What these files add:
abridged (optional) background readings w/ checks for understanding
editable Slides w/ enhanced, labeled, enlarged images of important evidence
re-orders agenda for more student discussion & asking questions
cards for scaffolding asking questions about evidence
videos for discussion
reflection exit ticket
Task: Using climatological data, forensic insect evidence collected from deceased human, experimental entomology data, and research on blow fly life cycles, estimate the time of death for a homicide victim.
General question: If entomologists study insects, how does their research help us estimate time of death?
Major concepts: Science as inquiry & modeling, evidence & inference, all organisms must be able to obtain and use resources, grow, reproduce, and maintain stable internal conditions, energy as heat.
Real historical events: This uses a real homicide case from 1986 and incorporates scans of the forensic examiner’s notebook, the news articles, letters among investigators, experiments performed by the entomologist, and photographs of the insects collected.
I. Blow Fly Life Cycle & Accumulated Degree Hours
a) Do Now - murder trial
b) Turn & Talk: Sample of ____? collected from body as evidence (good opportunity for realia)
c) Request from State of Connecticut
2. The Life Cycle of a Blow Fly
a) Document: Forensic Examiner’s Report
b) Worksheet: Blow Fly Life Cycle
3. How Weather Affects Blow Fly Life Cycle
a) Document: Preliminary Climatological Report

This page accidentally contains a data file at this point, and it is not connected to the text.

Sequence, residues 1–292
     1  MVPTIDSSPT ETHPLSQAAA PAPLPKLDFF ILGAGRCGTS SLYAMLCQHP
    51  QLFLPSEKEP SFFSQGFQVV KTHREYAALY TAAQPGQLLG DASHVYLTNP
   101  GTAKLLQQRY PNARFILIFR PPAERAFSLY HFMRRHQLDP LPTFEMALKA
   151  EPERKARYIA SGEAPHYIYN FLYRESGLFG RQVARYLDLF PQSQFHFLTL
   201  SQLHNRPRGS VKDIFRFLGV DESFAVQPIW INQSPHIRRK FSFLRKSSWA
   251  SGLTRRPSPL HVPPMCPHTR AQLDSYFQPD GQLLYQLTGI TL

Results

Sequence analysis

b) Worksheet: Accumulated Degree Hours & weather data
II. Experimental Design for Time of Death
4. Designing an Entomology Experiment to Solve a Problem
a) Card Sort & Reveal: Asking the Right Questions
optional: Rear flies on raw liver!
b) Document: Entomology Case Experiments
c) Discussion & Worksheet: Entomology Case
5. Videos About Forensic Examination
a) Career: A Day in the Life of a Forensic Pathologist
b) Career: Forensic Examiner without the Mess…Camila the Cryptanalyst
6. Exit Ticket: Reflection on Media Coverage
Setup Decisions: “Asking the Right Questions Activity”
Option a) Print double-sided.
Option b) Print single-sided and staple on top of each other.
Option a) Ss flip over all the cards and make a conclusion together.
Option b) Ss flip over a few cards at a time and revise their explanation.
Option c) Ss flip over only X number of cards, chosen by group agreement, and make conclusions based on the answers. Compare class answers.
NIH, Visible Proofs: exhibition of the history of forensic anthropology (answer keys on website & on file by request)
William Krinsky, Yale University School of Medicine
Henry Lee, Connecticut State Police Forensic Laboratory